The close link between environmental effect and consumption of energy is an issue that has gained attention in the past decades. Most externalities of this issue are produced during the generation of electricity and its fuel exploitation. The principal air pollutants are emissions of carbon dioxide (CO2) or the principal “greenhouse gas,” sulfur dioxide (SO2), nitrogen oxide (NOx), ozone, and particulates (Chan et al., 2008, Chan and Lam, 2002a and Chan and Lam, 2002b). Shanghai, as a metropolitan city in China, faces these environmental problems as well. The continued economic boom and the growth of tourism activities in the city bring a significant increase in the number of high-rise hotel buildings and subsequent environmental problems. In fact, the hotels are major energy consumers. The heating ventilation and air-conditioning (HVAC) system in subtropical hotels consumes about 35–50% of electricity, which ranks it as the most energy-consuming facility (Chow and Chan, 1993). In high latitude countries, like the United Kingdom and Greece, their cooling facilities account for only 4–10% of the total energy usage in hotels (Energy Efficient Office, 1994 and Santamouris et al., 1996). In subtropical areas, Yu and Chan (2010) found that the operation of chillers and cooling towers leads to the peak electricity demand, and accounts for about half of the electricity consumption for air conditioning in hotels. However, a paucity of information exists in the relationship among electricity consumption, its associated parameters, and ways to save the power consumption of chillers. The establishment of the relationship between electricity usage and variables of the power consumption of chillers could enable hoteliers to predict electricity consumption. Predicting the amount of energy consumption may help form the benchmark for monitoring the energy usage and efficiency of chillers. Shanghai is the major gateway to mainland China and acts as the major engine for regional economic developments. The number of international visitors to Shanghai reached 8.5 million in 2010 (Shanghai Statistical Bureau, 2011), and this number is expected to grow in the coming decades. Hence, hotels play a significant role in the tourism and economic development of Shanghai. In 2009, the total number of hotels reached 298, which is twice the number in 1990 (China National Tourism Administration, 2010). While Shanghai is not located in the subtropical region, its six to seven months of summer hotness require the installation of air cooling facilities in hotels. The foreseeable increase of new hotels will bring huge energy consumption and its associated emission problems. In addition, the initial literature review indicated that previous investigations were confined to the study of the overall power usage and the associated parameters of the HVAC system, and did not look into the core energy consumption of the cooling system and its related parameters. This gap necessitates conducting the present study. Thus, the present study aims to create a model of the power consumption of the hotel chillers in Shanghai, and to identify the practical means to reduce the power usage of chillers.
نتیجه گیری انگلیسی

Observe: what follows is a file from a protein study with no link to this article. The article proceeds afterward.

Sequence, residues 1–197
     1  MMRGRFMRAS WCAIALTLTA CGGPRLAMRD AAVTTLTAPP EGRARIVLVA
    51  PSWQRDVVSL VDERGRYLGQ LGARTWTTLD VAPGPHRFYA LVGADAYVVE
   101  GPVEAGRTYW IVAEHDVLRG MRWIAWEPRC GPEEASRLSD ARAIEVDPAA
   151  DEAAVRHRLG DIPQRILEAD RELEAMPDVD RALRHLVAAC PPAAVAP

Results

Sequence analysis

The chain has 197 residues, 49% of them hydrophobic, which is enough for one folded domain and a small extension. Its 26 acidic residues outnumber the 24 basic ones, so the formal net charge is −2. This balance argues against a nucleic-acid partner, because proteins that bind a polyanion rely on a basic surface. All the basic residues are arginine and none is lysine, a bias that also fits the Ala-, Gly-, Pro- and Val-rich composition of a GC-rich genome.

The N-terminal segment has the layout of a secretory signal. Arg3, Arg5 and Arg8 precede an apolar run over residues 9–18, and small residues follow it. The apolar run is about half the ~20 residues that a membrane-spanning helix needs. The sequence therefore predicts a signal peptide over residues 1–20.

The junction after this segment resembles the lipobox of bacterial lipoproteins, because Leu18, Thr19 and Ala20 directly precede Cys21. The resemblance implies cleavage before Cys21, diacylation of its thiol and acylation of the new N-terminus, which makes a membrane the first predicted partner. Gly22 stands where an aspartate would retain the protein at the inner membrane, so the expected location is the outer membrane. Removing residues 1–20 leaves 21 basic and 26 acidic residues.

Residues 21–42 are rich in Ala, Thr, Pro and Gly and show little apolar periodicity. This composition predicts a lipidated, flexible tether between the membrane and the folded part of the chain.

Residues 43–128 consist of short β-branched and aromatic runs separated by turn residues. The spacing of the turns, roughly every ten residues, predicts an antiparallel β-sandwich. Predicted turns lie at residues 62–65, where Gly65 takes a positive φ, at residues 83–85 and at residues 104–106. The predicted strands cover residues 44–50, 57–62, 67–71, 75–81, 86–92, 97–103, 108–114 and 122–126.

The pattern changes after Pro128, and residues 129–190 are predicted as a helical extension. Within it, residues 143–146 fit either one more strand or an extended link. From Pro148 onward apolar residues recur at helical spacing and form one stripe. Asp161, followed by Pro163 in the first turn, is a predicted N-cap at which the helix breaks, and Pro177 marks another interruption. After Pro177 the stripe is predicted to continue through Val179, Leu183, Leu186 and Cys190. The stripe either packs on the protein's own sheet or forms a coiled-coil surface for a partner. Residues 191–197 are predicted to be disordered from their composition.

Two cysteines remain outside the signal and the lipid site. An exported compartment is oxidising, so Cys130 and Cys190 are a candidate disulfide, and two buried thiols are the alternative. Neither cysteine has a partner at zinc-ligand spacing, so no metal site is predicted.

A survey of the electricity consumption of chillers among the full service hotels in Shanghai was conducted. The data collected were used to investigate the relationship between the electricity usage of chillers and their associated parameters. Eleven completed questionnaires were used in the analysis. The results represent 20% of the 54 four-star hotels in Shanghai (China National Tourism Administration, 2009). Among the 11 investigated parameters, the study found that the number of hotel employees and outdoor temperature are the statistically significant and strongly correlated variables that affected the energy consumption of chillers. Among the three newly tested variables, the design of unequally sized chillers is a statistically validated parameter in the study. A generic modeling equation was established to create a benchmark for comparing the electricity consumption of chillers in hotels. The input data of all these major parameters are readily available in the operational reports of hotels. This finding implies that hotels can perform the modeling easily and quickly. The results in this area could serve as references for developing predictions on the electricity consumption of chillers in full-service hotels located in the coastal temperate regions, especially in eastern China. The established regression model could be further developed as a benchmark for hotels in the Zhejiang area in China. The study identified four approaches in lowering the electricity consumption of chillers, namely, condensing temperature control, optimal loading computation, unequally sized chillers, and variable speed control. The information could serve as a reference for hotel owners in improving the existing energy efficiency of chillers and the purchasing of chillers for future projects. A review of recently studied and published designs of chillers indicated that their electricity saving potential ranges from 3% to 10%. This reported saving potential could serve as a hint for hoteliers who evaluate the economic viability of incorporating these designs into their future and retrofitted chillers. Moreover, this investigation represents the first of its kind in the hospitality academia to explore the relationship between the power consumption of hotel chillers and its relevant parameters, and to highlight the practical means to save energy in that area. Driven by the growth of international and domestic travel plus the corresponding need for more environmental-friendly hotel accommodation, the findings and discussion in this study could serve as a reference for the old and new hotel operators. Following the open door policy of China and the subsequent economic and political reforms in the past three decades, the country has become the largest CO2 emitting country with 5.6 billion tons of CO2 emission in 2006, which accounted for 20% of the global emissions (Liu and Gallagher, 2010). In face of this situation and the possible reduction of this emission in the future, the Chinese government has set targets to cut her carbon emission by 40–45% lower than that of the 2005 level by 2020 (Yuan et al., 2011 and Stern and Jotzo, 2010). To achieve this target, the quantification of carbon intensity emitted by various sectors is required. Since hotels are classified in the building sector, individual hotels may be required to estimate the energy consumption of their chillers for benchmarking. If this happens, then the modeling exercise in this study would serve as a useful reference. Prospective scholars may consider using the same approach to investigate the relationship between chiller power usage and its associated variables but with a large sample size. This recommendation may help confirm and validate the results of the present study.